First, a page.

Liang W, Liang H, Ou L, Chen B, Chen A, Li C, Li Y, Guan W, Sang L & Lu J et al.Development and validation of a clinical risk score to predict the occurrence of critical illness in hospitalized patients with COVID-19. JAMA Internal Medicine 2020 180 10811089. (https://doi.org/10.1001/jamainternmed.2020.2033)

    • Crossref
    • Search Google Scholar
    • Export Citation
  • 31

    Zhang YB, Chen C, Pan XF, Guo J, Li Y, Franco OH, Liu G, Pan A. Associations of healthy lifestyle and socioeconomic status with mortality and incident cardiovascular disease: two prospective cohort studies. BMJ 2021 373 n604. (https://doi.org/10.1136/bmj.n604)

    • Search Google Scholar
    • Export Citation
  • 32

    Xuan Q, Ouyang Y, Wang Y, Wu L, Li H, Luo Y, Zhao X, Feng D, Qin W & Hu C et al.Multiplatform metabolomics reveals novel serum metabolite biomarkers in diabetic retinopathy subjects. Advanced Science 2020 7 2001714. (https://doi.org/10.1002/advs.202001714)

    • Crossref
    • Search Google Scholar
    • Export Citation
  • 33

    Arai C, Miyake M, Matsumoto Y, Mizote A, Yoshizane C, Hanaya Y, Koide K, Yamada M, Hanaya T & Arai S et al.Trehalose prevents adipocyte hypertrophy and mitigates insulin resistance in mice with established obesity. Journal of Nutritional Science and Vitaminology 2013 59 393401. (https://doi.org/10.3177/jnsv.59.393)

    • Crossref
    • Search Google Scholar
    • Export Citation
  • 34

    Yu B, Zheng Y, Alexander D, Morrison AC, Coresh J, Boerwinkle E. Genetic determinants influencing human serum metabolome among African Americans. PLoS Genetics 2014 10 e1004212. (https://doi.org/10.1371/journal.pgen.1004212)

    • Search Google Scholar
    • Export Citation
  • 35

    Sanna S, van Zuydam N, Mahajan A, Kurilshikov A, Vila VA, Võsa U, Mujagic Z, Masclee A, Jonkers D, Oosting M, et al.Causal relationships among the gut microbiome, short-chain fatty acids and metabolic diseases. Nature Genetics 2019 51 600605. (https://doi.org/10.1038/s41588-019-0350-x)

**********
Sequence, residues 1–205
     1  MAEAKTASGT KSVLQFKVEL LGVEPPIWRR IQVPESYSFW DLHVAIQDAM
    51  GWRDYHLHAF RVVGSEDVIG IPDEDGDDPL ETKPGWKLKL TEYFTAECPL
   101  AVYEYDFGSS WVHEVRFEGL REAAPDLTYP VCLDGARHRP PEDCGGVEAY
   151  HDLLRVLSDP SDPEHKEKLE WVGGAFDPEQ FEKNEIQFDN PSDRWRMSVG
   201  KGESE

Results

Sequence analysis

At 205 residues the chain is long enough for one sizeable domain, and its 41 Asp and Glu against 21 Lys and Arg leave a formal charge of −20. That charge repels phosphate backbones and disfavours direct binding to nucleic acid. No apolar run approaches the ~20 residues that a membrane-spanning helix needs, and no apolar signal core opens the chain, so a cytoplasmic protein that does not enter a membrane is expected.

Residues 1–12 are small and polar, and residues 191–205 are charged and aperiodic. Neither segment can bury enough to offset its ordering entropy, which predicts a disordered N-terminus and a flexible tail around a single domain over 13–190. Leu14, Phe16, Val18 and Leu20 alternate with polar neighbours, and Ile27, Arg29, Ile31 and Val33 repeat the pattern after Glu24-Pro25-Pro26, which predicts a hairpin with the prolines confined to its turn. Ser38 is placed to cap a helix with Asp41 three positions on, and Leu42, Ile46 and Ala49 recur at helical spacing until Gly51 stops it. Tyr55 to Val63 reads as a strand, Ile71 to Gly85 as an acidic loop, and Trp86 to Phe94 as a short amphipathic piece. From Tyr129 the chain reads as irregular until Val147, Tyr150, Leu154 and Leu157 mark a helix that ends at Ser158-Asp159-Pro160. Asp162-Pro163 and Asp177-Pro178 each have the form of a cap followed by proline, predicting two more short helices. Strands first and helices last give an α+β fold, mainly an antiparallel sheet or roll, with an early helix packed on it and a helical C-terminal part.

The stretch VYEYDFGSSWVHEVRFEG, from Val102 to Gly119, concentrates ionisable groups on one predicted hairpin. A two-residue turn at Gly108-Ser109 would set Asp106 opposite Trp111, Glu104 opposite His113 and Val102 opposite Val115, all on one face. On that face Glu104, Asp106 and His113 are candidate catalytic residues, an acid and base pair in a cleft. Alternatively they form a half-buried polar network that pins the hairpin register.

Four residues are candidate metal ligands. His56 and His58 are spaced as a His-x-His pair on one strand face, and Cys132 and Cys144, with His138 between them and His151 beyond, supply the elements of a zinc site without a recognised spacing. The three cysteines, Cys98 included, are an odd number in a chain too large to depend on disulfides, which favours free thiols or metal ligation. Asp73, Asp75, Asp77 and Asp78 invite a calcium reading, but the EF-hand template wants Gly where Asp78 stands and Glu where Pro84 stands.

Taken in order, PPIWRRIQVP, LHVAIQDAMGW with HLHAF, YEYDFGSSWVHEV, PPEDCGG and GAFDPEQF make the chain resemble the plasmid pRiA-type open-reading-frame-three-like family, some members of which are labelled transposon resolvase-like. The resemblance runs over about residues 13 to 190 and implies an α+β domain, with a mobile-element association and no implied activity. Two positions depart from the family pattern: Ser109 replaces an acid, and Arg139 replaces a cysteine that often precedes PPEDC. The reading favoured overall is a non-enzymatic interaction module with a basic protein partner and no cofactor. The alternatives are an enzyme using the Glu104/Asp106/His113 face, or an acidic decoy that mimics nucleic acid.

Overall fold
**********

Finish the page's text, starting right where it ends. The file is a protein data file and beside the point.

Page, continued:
• Crossref
    • Search Google Scholar
    • Export Citation
  • 36

    Seo Y, Kingsley S, Walker G, Mondoux MA, Tissenbaum HA. Metabolic shift from glycogen to trehalose promotes lifespan and healthspan in Caenorhabditis elegans. PNAS 2018 115 E2791E2800. (https://doi.org/10.1073/pnas.1714178115)

    • Search Google Scholar
    • Export Citation
  • 37

    Zhang Y, Higgins CB, Fortune HM, Chen P, Stothard AI, Mayer AL, Swarts BM, DeBosch BJ. Hepatic arginase 2 (Arg2) is sufficient to convey the therapeutic metabolic effects of fasting. Nature Communications 2019 10 1587. (https://doi.org/10.1038/s41467-019-09642-8)

    • Search Google Scholar
    • Export Citation
  • 38

    Yoshizane C, Mizote A, Arai C, Arai N, Ogawa R, Endo S, Mitsuzumi H, Ushio S. Daily consumption of one teaspoon of trehalose can help maintain glucose homeostasis: a double-blind, randomized controlled trial conducted in healthy volunteers. Nutrition Journal 2020 19 68. (https://doi.org/10.1186/s12937-020-00586-0)

    • Search Google Scholar
    • Export Citation
  • 39

    Lotfi P, Tse DY, Di Ronza A, Seymour ML, Martano G, Cooper JD, Pereira FA, Passafaro M, Wu SM, Sardiello M. Trehalose reduces retinal degeneration, neuroinflammation and storage burden caused by a lysosomal hydrolase deficiency. Autophagy 2018 14 14191434. (https://doi.org/10.1080/15548627.2018.1474313)

    • Crossref
    • Search Google Scholar
    • Export Citation
  • 40

    Laskowska E, Kuczyńska-Wiśnik D. New insight into the mechanisms protecting bacteria during desiccation. Current Genetics 2020 66 313318. (https://doi.org/10.1007/s00294-019-01036-z)

    • Crossref
    • Search Google Scholar
    • Export Citation
  • 41

    Moruno Algara M, Kuczyńska-Wiśnik D, Dębski J, Stojowska-Swędrzyńska K, Sominka H, Bukrejewska M, Laskowska E. Trehalose protects Escherichia coli against carbon stress manifested by protein acetylation and aggregation. Molecular Microbiology 2019 112 866880. (https://doi.org/10.1111/mmi.14322)

    • Crossref
    • Search Google Scholar
    • Export Citation
  • 42

    Xu J, Chen LJ, Yu J, Wang HJ, Zhang F, Liu Q, Wu J. Involvement of advanced glycation end products in the pathogenesis of diabetic retinopathy. Cellular Physiology and Biochemistry 2018 48 705717. (https://doi.org/10.1159/000491897)

    • Crossref